Using handwriting samples of our ancestors to find out who they were (and who we are)
Molly O'Shea wanted to learn about her dead father, but she didn't turn to a Ouija board. Instead, she took an old letter to a graphologist. Analysis of 550 different handwriting variables showed a man who was straightforward, diplomatic and intelligent but had problems with anger. "It really helps me get a handle on who Dad was," says O'Shea.
Slants, loops and spacing are providing info from beyond the grave. According to Barbara Vines Little of the National Genealogical Society, family-tree enthusiasts are using graphology as "one more building block in the whole picture of the past." Old papers and diaries are interesting not for what they say but for how they say it. Irene Lambert, graphoanalyst, says casual scribbles can "unlock puzzles and mysteries" that would otherwise remain unsolved.
comments powered by Disqus
- Poll: Majority Of Americans Say Obama Is Mixed Race, Not Black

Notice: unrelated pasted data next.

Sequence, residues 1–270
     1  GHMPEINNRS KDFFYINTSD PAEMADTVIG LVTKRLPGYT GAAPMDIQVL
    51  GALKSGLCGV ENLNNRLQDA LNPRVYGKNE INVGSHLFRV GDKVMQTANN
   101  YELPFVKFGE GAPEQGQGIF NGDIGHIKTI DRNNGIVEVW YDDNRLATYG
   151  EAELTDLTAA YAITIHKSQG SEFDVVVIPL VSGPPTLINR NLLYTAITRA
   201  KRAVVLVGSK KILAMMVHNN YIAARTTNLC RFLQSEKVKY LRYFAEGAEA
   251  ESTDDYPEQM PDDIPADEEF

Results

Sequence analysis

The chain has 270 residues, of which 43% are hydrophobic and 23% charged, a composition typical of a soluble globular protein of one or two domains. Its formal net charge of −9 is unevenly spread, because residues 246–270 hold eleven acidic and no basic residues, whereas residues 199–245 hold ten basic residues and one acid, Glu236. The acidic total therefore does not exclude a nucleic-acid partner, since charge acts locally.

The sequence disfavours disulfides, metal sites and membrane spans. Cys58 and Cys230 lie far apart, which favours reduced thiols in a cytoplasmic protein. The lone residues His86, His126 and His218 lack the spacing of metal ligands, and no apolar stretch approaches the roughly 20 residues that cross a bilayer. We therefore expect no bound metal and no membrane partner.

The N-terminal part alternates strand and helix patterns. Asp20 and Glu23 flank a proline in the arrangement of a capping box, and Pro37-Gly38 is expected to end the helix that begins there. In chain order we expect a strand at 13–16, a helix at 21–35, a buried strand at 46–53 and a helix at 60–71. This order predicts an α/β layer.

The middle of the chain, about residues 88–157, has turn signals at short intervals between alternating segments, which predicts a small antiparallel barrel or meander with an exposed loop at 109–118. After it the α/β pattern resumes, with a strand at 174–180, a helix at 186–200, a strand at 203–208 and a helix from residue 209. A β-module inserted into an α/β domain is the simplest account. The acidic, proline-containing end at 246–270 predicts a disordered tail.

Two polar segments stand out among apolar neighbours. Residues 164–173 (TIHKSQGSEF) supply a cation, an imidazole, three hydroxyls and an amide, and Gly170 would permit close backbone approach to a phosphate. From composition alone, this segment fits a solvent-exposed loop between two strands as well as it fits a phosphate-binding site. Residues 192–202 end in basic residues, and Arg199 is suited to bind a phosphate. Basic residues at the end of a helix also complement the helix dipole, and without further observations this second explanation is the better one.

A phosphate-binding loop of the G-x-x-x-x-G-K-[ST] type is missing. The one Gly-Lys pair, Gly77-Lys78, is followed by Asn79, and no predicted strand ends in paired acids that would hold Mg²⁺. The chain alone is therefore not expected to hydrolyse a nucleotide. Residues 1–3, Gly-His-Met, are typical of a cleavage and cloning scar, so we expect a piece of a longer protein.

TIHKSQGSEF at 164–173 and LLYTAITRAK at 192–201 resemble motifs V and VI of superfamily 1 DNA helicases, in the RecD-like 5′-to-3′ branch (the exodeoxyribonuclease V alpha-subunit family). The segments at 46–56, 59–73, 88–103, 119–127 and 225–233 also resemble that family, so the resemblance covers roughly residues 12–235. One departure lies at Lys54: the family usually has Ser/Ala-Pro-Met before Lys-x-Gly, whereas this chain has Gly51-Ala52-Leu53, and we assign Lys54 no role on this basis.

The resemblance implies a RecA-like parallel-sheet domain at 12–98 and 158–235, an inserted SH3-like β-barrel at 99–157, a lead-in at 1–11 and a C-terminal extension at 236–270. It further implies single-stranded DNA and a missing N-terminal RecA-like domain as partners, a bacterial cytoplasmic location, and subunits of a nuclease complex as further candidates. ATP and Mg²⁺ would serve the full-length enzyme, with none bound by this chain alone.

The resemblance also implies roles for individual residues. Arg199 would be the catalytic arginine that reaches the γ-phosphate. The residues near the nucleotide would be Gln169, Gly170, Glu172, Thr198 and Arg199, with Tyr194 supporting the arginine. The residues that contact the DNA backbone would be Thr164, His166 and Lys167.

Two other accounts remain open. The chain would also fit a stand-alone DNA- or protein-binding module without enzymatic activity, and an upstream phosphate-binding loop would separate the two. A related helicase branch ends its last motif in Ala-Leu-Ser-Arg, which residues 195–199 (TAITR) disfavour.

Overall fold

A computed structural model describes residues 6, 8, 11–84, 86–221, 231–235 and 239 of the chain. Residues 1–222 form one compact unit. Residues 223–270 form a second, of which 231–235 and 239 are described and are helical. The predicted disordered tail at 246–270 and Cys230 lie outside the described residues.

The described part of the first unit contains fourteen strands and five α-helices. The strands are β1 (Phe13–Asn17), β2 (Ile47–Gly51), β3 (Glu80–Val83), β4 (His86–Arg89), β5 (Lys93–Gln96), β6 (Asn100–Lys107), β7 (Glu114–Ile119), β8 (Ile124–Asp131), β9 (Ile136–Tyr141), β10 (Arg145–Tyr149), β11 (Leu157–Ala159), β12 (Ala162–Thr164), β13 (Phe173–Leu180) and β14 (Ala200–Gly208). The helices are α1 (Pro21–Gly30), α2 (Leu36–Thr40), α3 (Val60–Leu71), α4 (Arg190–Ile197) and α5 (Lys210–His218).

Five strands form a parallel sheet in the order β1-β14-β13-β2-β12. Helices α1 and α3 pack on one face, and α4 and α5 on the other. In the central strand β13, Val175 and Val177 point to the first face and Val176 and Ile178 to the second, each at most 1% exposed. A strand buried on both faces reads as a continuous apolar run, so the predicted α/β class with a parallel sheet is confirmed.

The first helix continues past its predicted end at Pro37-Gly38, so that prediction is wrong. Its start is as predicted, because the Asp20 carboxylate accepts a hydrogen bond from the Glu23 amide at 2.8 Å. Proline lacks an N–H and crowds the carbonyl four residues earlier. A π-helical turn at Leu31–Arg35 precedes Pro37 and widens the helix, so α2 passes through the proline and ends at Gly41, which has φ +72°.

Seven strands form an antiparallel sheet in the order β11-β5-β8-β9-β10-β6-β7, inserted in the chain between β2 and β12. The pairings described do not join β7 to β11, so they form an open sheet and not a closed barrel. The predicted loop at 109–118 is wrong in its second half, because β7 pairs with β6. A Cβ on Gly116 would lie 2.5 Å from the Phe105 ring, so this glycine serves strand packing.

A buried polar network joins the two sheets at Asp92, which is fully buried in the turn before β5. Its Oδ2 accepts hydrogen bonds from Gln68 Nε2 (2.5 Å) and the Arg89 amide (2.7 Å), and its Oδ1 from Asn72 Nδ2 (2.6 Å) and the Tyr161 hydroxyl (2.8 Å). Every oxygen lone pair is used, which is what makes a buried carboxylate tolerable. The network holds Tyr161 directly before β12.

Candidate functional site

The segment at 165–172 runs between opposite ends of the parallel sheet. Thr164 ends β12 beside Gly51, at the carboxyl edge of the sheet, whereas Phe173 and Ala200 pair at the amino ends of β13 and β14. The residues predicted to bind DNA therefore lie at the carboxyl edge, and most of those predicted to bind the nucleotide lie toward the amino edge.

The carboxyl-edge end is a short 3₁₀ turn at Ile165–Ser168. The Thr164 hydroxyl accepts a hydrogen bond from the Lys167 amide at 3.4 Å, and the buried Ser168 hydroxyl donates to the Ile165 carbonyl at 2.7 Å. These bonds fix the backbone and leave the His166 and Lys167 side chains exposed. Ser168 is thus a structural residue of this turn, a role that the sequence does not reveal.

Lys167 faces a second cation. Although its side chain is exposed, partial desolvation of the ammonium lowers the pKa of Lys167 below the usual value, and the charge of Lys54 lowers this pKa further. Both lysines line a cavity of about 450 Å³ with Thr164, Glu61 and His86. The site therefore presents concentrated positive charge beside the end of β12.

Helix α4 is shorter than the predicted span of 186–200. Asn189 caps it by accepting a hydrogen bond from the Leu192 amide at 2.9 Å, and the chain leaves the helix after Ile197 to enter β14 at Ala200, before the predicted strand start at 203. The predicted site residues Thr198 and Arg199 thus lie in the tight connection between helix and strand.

- New technology helps paleontologists see Ice-Age bee in intricate detail
- History textbooks in crosshairs of Australia's curriculum wars
- Archaeologists' findings may prove Rome a century older than thought
- 150 years of medical journals to go online
- She Came All the Way from Melbourne to Attend the OAH
- The 7 Most Popular HNN Videos from the 2014 OAH
- U.Va. Historian Alan Taylor Wins 2014 Pulitzer for Book on Slaves and War -- His second Pulitzer!
- UW Professor Stephanie Camp, 46, feminist historian, dies
- Italian forces in WW2 were not soft and Mussolini wasn't a clown, British historian claims